We added 93 miles to our trip to go to the northeastern tip of the island, which is some place I had never been before. Our first stop was Elmira Railway Museum in Elmira, PEI. This was the only train attraction that I could find on the whole island, and it was just down the road from the Red Point Provincial Park, where we were staying for the night.
Zach has gotten so used to riding scenic trains so this was a little bit of a let down for him. I think if he was younger, it might have held more interest for him. The two train rides are definitely geared towards younger children, but it was inexpensive and a great place for a picnic, so it wasn’t a total wash. I loved looking in the old train station and seeing all the antiquities of the old railway that ran across the island. If you have younger kids, they would love the train rides since they are on miniature trains, but they were just a bit too small for someone of Zach’s size.
There’s one building with a huge model railroad system set up….and while it’s quite impressive to look at, they only had one lone engine running around it on a loop with no rail cars behind it. Zach quickly proclaimed it “lame” because of the one engine and he actually found more interest in the old upright piano sitting in the entrance to the building. He found the different notes of various train horns and sounded out the horns. That kept him busy for about a half hour while I looked at some of the old books and model trains that were mounted in cases on the wall.
The gift shop has a lot of wonderful items for younger kids and train enthusiasts and the people that were working were extremely friendly. There’s a few swings and a picnic table so that you can take a break and relax, which is exactly what we did. We found a map in the old train station and we were both shocked to look at a bigger map than just on our laptops and phone to see where we started from two weeks ago and how far we had come.
Zach had a rough couple hours after we set up camp at Red Point, and one of the park rangers told us about Basin Head beach so we took a drive down to the area to see what all the hype was about. It’s a gorgeous beach with a river that empties into the ocean, but the biggest draw for dare devils is the bridge that people jump off of into the canal going out into the open water. At high tide, it’s quite the ride. Both Zach and I got a kick out of the sign on the canal that told people that jumping from the bridge and sides of the wharf are forbidden, but the lifeguards are clearly resigned to people doing it anyway and just hang out on their large chairs, just waiting for someone to need help. I can only imagine it would get tiresome all day to try to keep people from jumping off the bridge and your voice would get worn out.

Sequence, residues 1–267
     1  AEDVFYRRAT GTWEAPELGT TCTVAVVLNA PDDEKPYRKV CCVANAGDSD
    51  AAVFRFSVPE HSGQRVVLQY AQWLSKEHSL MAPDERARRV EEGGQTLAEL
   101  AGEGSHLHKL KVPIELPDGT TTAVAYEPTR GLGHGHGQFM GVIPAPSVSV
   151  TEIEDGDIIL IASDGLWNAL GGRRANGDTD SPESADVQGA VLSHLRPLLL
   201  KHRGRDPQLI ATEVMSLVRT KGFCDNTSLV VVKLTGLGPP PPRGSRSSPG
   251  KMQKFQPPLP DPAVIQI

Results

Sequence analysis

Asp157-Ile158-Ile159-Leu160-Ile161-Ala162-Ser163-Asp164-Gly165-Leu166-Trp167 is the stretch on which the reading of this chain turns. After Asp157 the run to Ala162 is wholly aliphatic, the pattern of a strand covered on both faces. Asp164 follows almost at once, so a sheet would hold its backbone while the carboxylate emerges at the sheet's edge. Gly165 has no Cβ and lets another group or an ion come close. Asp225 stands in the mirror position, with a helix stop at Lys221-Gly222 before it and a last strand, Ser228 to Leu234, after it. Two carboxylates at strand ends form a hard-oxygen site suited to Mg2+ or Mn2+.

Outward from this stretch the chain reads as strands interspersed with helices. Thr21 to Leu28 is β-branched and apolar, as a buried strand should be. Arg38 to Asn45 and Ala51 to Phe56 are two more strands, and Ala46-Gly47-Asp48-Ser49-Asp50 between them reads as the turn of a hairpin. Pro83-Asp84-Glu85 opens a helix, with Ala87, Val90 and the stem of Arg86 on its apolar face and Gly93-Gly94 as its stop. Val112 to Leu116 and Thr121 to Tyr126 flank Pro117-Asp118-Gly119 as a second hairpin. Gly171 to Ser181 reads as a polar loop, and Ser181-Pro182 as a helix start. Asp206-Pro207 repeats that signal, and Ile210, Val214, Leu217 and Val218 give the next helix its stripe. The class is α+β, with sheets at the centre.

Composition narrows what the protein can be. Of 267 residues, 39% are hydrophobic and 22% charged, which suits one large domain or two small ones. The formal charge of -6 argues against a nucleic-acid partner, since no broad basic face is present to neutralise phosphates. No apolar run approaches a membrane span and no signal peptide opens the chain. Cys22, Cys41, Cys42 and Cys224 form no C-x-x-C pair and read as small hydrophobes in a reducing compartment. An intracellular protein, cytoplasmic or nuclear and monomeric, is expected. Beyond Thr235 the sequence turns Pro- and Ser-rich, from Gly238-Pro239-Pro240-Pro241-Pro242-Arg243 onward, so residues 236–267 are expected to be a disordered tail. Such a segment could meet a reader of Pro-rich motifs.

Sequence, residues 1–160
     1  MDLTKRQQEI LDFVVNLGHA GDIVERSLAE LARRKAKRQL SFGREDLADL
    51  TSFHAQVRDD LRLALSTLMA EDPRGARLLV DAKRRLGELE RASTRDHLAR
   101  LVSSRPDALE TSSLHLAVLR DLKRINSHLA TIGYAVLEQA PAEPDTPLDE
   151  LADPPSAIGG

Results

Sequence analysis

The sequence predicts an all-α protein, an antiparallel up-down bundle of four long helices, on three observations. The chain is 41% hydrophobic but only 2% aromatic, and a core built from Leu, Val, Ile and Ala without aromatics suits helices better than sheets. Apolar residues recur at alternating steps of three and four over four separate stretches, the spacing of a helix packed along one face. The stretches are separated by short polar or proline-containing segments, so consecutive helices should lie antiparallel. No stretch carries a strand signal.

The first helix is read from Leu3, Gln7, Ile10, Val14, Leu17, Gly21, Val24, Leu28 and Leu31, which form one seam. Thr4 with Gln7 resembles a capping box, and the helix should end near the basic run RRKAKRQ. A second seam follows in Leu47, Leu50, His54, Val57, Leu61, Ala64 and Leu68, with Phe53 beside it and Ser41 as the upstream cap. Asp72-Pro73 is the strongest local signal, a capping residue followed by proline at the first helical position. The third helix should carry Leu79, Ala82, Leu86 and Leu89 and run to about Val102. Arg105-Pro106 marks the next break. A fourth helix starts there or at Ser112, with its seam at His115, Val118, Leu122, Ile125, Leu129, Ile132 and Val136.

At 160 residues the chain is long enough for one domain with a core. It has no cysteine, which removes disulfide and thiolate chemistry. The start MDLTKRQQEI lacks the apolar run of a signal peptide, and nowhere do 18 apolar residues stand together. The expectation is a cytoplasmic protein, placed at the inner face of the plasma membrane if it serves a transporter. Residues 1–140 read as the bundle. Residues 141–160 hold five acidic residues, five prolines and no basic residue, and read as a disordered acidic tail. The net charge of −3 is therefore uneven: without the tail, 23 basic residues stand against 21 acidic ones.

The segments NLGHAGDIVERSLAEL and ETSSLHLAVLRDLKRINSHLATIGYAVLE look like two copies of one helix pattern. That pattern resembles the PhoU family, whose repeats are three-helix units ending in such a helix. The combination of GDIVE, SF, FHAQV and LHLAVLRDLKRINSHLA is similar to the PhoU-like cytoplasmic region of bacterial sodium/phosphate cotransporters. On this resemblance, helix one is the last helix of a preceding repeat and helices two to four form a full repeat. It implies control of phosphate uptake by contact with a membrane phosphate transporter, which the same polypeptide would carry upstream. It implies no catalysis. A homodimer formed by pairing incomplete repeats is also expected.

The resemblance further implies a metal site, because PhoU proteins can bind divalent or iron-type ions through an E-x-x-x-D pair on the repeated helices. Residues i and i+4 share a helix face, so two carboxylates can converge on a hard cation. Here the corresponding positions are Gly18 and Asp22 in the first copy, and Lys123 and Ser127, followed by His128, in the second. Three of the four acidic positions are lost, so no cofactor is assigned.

We could see jellyfish, large fish, and schools of minnows all making their way out to the ocean. We discussed where we would feel most comfortable swimming and decided it was definitely not in the canal and neither of us would jump from the bridge. It was just a fantasy to swim anyway since the water is only between 65 and 68 degrees Fahrenheit right now, which is far too cold for us newly acclimated southerners. We hung out for a while to watch people jump and then headed back to the campground for dinner. It was another cool night, but I bundle up in the tent, while Zach just sleeps in boxers and socks! I could easily get used to listening to the ocean every night to put me to sleep, which is exactly why I picked the provincial parks along the shore for this trip.